Season: April-October Price Basis: PPS for 3 nights
  • Overview
  • Trip Outline
  • Trip Includes
  • Trip Excludes

The "Tuli Block" is in the south-eastern extremity of Botswana, watered by the mighty Limpopo. When temperatures drop in autumn, it becomes one of the best walking destinations in Southern Africa. Tuli Wilderness is part of the Northern Tuli Game Reserve, an area with diverse vegetation and landscapes ranging from undulating mopane veld and wide-open plains to riverine thickets and craggy sandstone hills.

The reserve is known for some of the best predator viewing in Botswana, with near daily sightings of lion, leopard and cheetah, as well as hyena, black-backed jackal and the African wildcat. It’s one of the few places where there’s a chance to see the rare brown hyena. There’s a full range of plains game, including giraffe, eland, zebra, the largest herds of elephant on private land in Africa, and about 350 different species of birds.

Tuli Wilderness operates three- and four-night walking safaris that explore the western part of the reserve and the Motloutse River area. The sandstone outcrops are similar to those in the Mapungubwe National Park, and make for dramatic photogenic terrain. A popular destination is the Mmamagwa Ruins complex, which is of the same historical period as the ruins at Mapungubwe, and the reserve also has San rock art to discover.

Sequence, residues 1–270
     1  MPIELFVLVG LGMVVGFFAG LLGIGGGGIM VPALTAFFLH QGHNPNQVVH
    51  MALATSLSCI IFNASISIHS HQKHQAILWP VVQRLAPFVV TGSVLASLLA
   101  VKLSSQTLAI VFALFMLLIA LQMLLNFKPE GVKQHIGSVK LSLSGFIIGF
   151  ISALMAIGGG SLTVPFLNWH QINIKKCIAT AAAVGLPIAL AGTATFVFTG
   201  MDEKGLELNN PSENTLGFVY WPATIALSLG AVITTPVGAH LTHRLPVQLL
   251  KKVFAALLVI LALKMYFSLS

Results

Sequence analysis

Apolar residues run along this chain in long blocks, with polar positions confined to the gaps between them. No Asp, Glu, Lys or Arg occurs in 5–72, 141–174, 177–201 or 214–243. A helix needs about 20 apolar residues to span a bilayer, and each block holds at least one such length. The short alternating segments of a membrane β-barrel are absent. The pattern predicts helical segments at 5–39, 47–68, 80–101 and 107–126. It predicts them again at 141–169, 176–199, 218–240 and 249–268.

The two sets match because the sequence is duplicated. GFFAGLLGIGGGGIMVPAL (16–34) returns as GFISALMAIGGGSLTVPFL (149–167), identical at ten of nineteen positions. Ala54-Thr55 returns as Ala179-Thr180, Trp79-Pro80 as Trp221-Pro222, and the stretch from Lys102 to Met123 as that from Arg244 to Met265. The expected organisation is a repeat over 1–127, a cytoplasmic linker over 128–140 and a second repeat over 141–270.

Walks are guided in the drier winter months from April to October, which is also the time when the night sky is at its sharpest. 

Read more about Tuli Wilderness in this news blog.

Tuli Wilderness is normally accessed by road via the Pont Drift crossing. When water levels are low, the river is crossable by 4x4, and otherwise guests transfer by cable car, to rendezvous with a game viewing vehicle for the 30km transfer to Serola Camp. At present, the crossing is closed for Covid-19 control, and access is via Martins Drift. The total journey time from Gauteng is around 7-8 hours. 

A typical three-night trail sees walkers overnight at three wild and beautiful locations. The reception camp, Serolo Safari Camp, is on the floodplain of the Limpopo River. Mohave Camp is an unfenced permanent camp used only for walking trails while the newly added Eagle View Star Deck camp has a sleep-out deck which provides an even wilder close-to-nature experience. As Eagle View is far, a game viewing vehicle is used for transfer from Mohave.

Expect to walk for 5-6 hours each morning, exploring the Motloutse River and the interesting Mapungubwe Kingdom era ruins at Mmamagwa. An extra fourth night is a good idea logistically, either by staying two nights at Eagle View, or a night at Seola before departure. 

  • Accommodation
  • Meals
  • Guiding
  • Transfers
  • Tuli Conservancy Trust Levy (P100 per person per stay for SADC residents and P100 per person per night for international guests.)